3. Moraine-dammed glacial lake changes during the recent 40 years in the Poiqu River Basin, Himalayas

    Institute of Scientific and Technical Information of China (English)

    XiuJuan Zhang; ShiYin Liu; Li Liu

    2015-01-01

    Glacier retreat is not only a symbol of temperature and precipitation change, but a dominating factor of glacial lake changes in alpine regions, which are of wide concern for high risk of potential outburst floods. Of all types of glacial lakes, moraine-dammed lakes may be the most dangerous to local residents in mountain regions. Thus, we monitored the dy-namics of 12 moraine-dammed glacial lakes from 1974 to 2014 in the Poiqu River Basin of central west Himalayas, as well as their associated glaciers with a combination of remote sensing, topographic maps and digital elevation models (DEMs). Our results indicate that all monitored moraine-dammed glacial lakes have expanded by 7.46 km2 in total while the glaciers retreated by a total of 15.29 km2 correspondingly. Meteorological analysis indicates a warming and drying trend in the Nyalam region from 1974 to 2014, which accelerated glacier retreat and then augmented the supply of moraine-dammed glacial lakes from glacier melt. Lake volume and water depth changed from 1974 to 2014 which indicates that lakes Kangxico, Galongco, and Youmojanco have a high potential for outburst floods and in urgent need for continuous moni-toring or artificial excavation to release water due to the quick increase in water depths and storage capacities. Lakes Jialongco and Cirenmaco, with outburst floods in 1981 and 2002, have a high potential risk for outburst floods because of rapid lake growth and steep slope gradients surrounding them.

  4. Energy and economic analysis of traditional versus introduced crops cultivation in the mountains of the Indian Himalayas: A case study

    Energy Technology Data Exchange (ETDEWEB)

    Nautiyal, Sunil; Kaechele, H. [Leibniz-Centre for Agricultural Landscape Research (ZALF), Institute of Socioeconomics, Eberswalder Str. 84, 15374 Muencheberg (Germany); Rao, K.S. [Centre for Inter-disciplinary Studies of Mountain and Hill Environment, Academic Research Center, University of Delhi, Delhi 110007 (India); Maikhuri, R.K. [G.B. Pant Institute of Himalayan Environment and Development, Garhwal Unit, P.O. Box 92, Srinagar (Garhwal) 246174 (India); Saxena, K.G. [School of Environmental Sciences, Jawaharlal Nehru University, New Delhi 110067 (India)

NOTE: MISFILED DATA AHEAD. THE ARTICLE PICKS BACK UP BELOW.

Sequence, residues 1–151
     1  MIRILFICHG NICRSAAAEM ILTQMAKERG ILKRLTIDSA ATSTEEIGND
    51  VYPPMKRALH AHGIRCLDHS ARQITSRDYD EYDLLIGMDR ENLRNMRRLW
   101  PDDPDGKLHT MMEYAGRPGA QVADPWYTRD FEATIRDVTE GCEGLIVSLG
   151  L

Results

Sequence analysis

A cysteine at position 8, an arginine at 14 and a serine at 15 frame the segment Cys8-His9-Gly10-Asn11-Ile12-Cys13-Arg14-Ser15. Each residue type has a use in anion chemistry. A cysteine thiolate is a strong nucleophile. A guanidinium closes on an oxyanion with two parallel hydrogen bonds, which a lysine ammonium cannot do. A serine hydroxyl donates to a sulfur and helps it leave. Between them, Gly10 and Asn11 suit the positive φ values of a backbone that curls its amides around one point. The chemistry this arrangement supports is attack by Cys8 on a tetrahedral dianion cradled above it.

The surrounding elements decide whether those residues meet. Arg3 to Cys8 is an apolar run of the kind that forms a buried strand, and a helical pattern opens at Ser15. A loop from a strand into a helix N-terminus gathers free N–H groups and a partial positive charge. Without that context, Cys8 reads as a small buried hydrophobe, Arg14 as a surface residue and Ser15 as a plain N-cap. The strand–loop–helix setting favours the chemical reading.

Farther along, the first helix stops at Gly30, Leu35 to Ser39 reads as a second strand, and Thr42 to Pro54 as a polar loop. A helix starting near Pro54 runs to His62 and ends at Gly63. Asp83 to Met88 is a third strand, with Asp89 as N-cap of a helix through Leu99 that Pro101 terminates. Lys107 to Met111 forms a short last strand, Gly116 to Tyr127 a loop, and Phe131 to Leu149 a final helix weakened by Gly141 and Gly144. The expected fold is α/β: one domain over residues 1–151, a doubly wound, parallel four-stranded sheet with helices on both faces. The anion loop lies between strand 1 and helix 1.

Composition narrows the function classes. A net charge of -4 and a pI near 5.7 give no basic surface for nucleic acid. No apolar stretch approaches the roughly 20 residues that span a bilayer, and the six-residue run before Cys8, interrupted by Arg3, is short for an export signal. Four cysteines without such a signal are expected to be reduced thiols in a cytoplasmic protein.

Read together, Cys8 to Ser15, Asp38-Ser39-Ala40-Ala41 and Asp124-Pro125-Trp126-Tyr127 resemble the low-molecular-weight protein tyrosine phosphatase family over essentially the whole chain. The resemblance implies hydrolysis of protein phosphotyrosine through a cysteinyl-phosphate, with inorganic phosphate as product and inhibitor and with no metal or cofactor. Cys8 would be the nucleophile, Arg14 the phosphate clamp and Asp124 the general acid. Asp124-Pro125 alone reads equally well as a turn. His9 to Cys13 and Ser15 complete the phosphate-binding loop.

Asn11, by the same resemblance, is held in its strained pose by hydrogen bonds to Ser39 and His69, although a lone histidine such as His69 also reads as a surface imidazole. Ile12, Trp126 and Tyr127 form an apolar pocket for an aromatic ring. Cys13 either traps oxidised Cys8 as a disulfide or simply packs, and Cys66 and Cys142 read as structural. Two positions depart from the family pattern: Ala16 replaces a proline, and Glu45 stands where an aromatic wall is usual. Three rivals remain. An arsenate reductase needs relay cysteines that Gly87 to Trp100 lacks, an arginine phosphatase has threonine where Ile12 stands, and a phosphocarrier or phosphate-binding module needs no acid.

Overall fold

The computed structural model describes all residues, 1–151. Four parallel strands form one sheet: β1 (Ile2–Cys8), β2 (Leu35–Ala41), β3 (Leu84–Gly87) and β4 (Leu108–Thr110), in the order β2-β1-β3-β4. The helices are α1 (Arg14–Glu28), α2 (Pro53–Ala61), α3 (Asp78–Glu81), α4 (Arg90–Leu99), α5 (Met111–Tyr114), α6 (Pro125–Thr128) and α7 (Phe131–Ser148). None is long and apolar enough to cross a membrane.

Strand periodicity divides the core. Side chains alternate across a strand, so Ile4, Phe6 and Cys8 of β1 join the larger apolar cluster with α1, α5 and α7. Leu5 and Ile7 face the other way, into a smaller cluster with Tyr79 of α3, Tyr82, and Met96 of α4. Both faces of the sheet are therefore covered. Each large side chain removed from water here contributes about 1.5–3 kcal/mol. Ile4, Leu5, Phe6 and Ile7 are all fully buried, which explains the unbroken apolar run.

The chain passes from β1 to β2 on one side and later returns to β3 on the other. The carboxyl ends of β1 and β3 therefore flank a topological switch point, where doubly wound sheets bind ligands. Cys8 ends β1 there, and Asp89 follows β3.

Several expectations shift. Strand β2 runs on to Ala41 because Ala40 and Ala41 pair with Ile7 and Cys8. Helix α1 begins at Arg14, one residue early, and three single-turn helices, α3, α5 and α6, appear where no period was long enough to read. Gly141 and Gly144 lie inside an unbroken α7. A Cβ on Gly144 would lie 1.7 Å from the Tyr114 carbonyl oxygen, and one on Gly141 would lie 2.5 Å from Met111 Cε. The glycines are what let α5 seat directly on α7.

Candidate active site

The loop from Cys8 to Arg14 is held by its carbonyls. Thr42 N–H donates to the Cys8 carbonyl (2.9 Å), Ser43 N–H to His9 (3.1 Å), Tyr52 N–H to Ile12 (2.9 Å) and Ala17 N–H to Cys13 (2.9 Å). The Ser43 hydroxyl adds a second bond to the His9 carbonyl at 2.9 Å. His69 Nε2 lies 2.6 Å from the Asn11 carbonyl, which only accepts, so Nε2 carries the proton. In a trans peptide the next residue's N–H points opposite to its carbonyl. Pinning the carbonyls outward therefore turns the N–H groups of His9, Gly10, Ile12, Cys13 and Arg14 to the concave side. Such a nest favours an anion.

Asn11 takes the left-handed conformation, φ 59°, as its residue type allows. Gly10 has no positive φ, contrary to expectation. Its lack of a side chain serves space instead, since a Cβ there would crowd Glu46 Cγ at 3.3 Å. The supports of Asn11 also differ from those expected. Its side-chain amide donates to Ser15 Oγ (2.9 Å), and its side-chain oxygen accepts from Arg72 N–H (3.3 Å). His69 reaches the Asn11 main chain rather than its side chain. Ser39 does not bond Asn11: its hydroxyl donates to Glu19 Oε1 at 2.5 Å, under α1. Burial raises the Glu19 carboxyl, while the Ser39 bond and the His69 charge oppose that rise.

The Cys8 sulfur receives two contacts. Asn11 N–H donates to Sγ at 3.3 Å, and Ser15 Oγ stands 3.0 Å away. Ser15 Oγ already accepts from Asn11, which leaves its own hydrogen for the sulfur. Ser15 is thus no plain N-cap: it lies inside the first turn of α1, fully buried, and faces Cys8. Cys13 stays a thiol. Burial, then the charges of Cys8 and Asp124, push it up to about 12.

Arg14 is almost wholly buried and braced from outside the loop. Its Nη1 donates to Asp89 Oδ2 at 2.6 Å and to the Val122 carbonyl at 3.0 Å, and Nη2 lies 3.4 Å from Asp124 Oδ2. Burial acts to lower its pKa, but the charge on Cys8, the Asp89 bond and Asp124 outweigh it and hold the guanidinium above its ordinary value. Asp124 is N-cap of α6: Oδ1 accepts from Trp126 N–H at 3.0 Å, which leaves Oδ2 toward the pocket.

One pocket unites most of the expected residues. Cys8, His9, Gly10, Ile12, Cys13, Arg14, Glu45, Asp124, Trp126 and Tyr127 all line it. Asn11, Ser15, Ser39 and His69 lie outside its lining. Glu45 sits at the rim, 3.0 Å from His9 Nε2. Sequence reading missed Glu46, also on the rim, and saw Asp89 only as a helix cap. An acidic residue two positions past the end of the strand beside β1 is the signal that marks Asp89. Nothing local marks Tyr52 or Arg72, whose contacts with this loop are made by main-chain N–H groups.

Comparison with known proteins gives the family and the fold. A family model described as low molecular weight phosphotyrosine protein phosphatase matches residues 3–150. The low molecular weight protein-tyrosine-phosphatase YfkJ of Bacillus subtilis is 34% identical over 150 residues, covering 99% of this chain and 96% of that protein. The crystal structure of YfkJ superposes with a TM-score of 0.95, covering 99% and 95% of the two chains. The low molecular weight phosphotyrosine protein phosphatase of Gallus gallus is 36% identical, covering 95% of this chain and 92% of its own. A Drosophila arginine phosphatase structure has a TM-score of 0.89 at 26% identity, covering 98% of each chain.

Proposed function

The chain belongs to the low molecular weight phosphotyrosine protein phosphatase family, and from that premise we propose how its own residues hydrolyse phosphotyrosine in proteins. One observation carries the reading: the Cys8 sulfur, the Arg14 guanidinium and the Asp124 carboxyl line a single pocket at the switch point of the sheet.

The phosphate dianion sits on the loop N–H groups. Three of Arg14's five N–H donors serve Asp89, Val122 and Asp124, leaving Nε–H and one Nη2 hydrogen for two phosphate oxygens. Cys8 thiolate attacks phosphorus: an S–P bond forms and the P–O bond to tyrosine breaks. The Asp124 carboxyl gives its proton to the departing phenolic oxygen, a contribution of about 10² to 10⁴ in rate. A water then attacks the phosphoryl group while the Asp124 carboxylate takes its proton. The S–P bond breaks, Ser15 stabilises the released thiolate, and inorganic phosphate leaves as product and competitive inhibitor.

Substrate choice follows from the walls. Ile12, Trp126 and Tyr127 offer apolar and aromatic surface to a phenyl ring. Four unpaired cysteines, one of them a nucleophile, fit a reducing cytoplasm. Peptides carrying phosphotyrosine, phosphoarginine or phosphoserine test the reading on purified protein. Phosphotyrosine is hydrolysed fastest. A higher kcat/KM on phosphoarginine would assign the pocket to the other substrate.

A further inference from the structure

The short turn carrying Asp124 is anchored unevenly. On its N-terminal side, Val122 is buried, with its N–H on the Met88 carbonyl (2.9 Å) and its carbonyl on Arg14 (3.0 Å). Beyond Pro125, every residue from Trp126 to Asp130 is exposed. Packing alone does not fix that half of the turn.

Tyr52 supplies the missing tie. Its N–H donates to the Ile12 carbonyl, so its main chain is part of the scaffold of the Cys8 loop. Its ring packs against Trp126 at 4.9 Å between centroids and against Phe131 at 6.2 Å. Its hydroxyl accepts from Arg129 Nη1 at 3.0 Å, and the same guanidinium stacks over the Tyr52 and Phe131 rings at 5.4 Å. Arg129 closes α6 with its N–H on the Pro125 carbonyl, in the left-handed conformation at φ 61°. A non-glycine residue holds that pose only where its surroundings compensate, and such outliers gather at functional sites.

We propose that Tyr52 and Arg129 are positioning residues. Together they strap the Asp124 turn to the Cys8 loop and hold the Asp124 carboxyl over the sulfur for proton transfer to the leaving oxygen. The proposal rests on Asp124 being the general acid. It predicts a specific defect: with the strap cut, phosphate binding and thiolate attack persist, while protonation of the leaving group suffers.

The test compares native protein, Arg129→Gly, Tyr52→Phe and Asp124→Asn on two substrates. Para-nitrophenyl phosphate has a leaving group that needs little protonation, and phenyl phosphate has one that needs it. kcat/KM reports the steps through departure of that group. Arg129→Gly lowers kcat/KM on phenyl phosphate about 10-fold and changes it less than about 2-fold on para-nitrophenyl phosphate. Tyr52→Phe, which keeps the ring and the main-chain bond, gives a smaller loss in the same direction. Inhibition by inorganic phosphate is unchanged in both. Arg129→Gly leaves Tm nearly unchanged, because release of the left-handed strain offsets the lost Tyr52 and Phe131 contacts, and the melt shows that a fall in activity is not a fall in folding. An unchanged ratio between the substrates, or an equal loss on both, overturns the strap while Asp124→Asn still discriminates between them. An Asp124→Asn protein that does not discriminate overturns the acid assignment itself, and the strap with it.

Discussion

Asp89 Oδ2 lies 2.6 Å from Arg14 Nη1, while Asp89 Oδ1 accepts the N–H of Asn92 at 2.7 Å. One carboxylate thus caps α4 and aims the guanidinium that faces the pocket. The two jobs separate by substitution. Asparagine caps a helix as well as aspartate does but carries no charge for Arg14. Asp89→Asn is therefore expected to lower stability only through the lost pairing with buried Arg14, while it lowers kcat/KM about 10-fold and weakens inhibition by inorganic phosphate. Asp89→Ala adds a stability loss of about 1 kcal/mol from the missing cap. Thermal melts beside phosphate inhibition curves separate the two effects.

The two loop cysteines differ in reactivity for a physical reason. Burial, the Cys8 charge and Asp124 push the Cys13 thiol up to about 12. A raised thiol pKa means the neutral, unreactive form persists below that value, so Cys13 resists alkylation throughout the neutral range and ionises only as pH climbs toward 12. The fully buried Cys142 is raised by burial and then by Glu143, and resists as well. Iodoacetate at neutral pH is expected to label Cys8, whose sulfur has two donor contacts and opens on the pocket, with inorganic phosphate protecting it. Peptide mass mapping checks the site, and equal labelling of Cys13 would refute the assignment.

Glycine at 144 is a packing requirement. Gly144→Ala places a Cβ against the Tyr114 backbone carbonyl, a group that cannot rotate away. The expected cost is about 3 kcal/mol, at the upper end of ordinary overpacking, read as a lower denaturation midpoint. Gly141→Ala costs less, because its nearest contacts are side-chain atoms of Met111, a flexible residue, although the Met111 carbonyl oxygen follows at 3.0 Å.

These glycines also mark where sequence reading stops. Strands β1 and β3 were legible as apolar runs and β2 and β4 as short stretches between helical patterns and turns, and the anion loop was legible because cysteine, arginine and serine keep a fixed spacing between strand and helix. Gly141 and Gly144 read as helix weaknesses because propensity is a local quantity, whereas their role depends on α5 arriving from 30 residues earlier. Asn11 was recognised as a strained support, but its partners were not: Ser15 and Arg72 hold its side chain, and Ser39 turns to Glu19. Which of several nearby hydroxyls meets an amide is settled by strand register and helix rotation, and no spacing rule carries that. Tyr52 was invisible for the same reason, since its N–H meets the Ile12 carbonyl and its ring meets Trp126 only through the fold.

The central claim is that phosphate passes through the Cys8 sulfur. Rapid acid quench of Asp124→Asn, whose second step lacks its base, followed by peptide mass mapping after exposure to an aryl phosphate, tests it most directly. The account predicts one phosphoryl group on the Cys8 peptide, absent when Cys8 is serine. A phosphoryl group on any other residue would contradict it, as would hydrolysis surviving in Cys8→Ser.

2007-12-15

    This study analyzed the energy and economics associated with cultivation of traditional and introduced crops in the mountains of the Central Himalaya, India. The production cost in terms of energy for introduced crops such as tomato (Lycopersicon esculentum) and bell pepper (Capsicum annuum) cultivation was 90,358-320,516 MJ ha{sup -1} as compared to between 19,814 and 42,380 MJ ha{sup -1} for traditional crops within Himalayan agroecosystems. For the introduced crops, high energy and monetary input was associated with human labor, forest resources, chemical fertilizer and pesticides. However, energy threshold/projection for farmyard manure in traditional crop cultivation was 80-90% of the total energy cost, thus traditional crop cultivation was more efficient in energy and economics. During the study, the farm productivity of introduced crops cultivation declined with increasing years of cultivation. Consequently, the energy output from the system has been declining at the rate of -y20,598 to y20,748 MJ ha{sup -1} yr{sup -1} for tomato and y12,072 to y15,056 MJ ha{sup -1} yr{sup -1} for bell pepper under irrigated and rain-fed land use in the mountains, respectively. The comparative analysis on this paradigm shift indicates that more research is needed to support sustainable crop cultivation in the fragile Himalayan environment. (author)